Telcos to Reveal Customer Data Under Proposed Law

  • File image of Parliament in session
    File image of Parliament in session
    Daily Nation
  • The government will be able to access Kenyans’ personal data if a proposed Bill is signed into law.

    The Bill tabled in the National Assembly on Tuesday, June 16 seeks to allow Telecommunication firms in Kenya to reveal customers’ data to the government.

    “Where it appears to the Cabinet Secretary that it is in the public interest to do so, the CS may by warrant under his hand, require any person who owns or controls any telecommunication apparatus used for sending or receipt of any data to or from any place outside Kenya, to produce to the Cabinet Secretary or any person named in the warrant, the original or transcripts of all such data and all other documents related to such data,” the proposed amendment states.

    This means the Cabinet Secretary in charge of Interior Security will be allowed to ask for customer data.

    According to the proposed amendments to the Official Secret Act, such data would be required if the CS is convinced it is in the public interest.

    Under the proposed law, any person who fails to comply with the request is guilty of an offence and liable to imprisonment of a term not exceeding one year.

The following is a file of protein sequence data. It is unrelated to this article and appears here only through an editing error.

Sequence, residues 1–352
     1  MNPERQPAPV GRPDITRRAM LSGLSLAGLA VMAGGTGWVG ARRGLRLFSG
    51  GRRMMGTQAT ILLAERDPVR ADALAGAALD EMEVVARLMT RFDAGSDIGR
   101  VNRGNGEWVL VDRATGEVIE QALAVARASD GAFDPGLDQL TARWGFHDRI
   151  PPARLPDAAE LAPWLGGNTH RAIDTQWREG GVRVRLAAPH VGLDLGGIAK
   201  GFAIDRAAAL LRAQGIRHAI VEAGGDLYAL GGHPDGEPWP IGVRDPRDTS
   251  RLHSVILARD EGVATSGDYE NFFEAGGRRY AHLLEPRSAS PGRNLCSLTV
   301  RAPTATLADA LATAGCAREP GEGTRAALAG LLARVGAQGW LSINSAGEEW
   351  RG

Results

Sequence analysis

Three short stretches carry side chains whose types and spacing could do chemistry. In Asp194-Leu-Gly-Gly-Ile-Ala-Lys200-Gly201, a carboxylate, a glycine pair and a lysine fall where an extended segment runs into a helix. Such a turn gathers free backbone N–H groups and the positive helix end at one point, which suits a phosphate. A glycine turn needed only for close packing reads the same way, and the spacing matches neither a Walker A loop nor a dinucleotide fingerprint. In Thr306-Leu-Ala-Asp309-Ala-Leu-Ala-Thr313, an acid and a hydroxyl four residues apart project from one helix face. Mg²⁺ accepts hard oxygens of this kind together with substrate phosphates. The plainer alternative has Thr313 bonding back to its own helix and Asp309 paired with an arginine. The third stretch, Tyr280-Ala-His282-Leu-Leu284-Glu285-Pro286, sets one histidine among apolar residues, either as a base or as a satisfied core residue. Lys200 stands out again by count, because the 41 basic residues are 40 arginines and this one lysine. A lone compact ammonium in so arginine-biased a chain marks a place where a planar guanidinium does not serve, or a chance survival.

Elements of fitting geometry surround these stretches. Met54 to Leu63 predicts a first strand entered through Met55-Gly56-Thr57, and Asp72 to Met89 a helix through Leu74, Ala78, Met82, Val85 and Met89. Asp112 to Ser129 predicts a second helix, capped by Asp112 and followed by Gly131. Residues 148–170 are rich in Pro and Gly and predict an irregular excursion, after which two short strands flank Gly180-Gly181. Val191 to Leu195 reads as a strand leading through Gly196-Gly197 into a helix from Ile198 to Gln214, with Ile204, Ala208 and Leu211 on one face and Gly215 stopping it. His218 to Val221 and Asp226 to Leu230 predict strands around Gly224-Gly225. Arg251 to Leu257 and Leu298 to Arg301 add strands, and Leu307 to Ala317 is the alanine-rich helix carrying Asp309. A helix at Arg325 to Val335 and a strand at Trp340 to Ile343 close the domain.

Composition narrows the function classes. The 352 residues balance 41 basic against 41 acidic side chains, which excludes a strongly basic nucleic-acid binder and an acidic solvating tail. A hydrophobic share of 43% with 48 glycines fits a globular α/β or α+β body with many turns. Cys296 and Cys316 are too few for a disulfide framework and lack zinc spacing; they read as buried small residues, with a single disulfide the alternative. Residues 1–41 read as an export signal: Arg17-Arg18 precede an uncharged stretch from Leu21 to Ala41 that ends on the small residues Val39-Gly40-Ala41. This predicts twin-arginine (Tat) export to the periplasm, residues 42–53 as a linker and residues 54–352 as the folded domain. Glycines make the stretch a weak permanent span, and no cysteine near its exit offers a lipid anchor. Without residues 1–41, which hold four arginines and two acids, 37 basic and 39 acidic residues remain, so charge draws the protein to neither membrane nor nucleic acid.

This, however, goes against the Data Protection Act of 2019 which was assented to by President Uhuru Kenyatta on November 8, 2019.

    Under the Data Protection Law, the data subjects have the right to be informed of the use to which their personal data is to be put, to access their personal data, to object to the processing of all or part of their personal data, to the correction of false or misleading data, and to deletion of false or misleading data about them.

    This means that the government may breach Data Protection Actby in order accessing one's personal information from said telecommunications companies. 

    Under the same Bill, the government is looking to amend the Evidence Act to allow for the use of electronic evidence such as pictures in criminal trials.

    A Kenyan Police Officer at a crime scene
    A Kenyan Police Officer at a crime scene
    File

    However, according to Uk-based human rights watchdog Privacy International, Kenya’s security and counter-terrorism agencies pressure telecommunication companies to gain access to customer data and use it to commit gross human rights abuses.

    In a 2017 report, the agency said Kenya’s intelligence agencies have placed agents within telcommunication companies in order to circumvent the law and protocol for accessing citizens' personal data.  

    criminal abuse terrorism